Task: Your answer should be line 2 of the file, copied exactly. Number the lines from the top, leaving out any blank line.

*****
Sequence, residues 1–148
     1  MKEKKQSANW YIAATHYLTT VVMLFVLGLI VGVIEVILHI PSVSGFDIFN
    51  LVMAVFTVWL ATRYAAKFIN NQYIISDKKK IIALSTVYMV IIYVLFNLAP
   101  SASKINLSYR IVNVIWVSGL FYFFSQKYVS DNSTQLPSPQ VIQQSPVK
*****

     1  MKEKKQSANW YIAATHYLTT VVMLFVLGLI VGVIEVILHI PSVSGFDIFN